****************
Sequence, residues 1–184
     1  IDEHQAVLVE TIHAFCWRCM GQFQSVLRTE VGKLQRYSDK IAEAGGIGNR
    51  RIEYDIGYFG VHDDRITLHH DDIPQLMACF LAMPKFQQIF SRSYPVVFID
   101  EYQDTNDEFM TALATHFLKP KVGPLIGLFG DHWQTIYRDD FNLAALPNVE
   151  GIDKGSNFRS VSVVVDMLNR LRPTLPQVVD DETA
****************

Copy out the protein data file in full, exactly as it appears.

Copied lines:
Sequence, residues 1–184
     1  IDEHQAVLVE TIHAFCWRCM GQFQSVLRTE VGKLQRYSDK IAEAGGIGNR
    51  RIEYDIGYFG VHDDRITLHH DDIPQLMACF LAMPKFQQIF SRSYPVVFID
   101  EYQDTNDEFM TALATHFLKP KVGPLIGLFG DHWQTIYRDD FNLAALPNVE
   151  GIDKGSNFRS VSVVVDMLNR LRPTLPQVVD DETA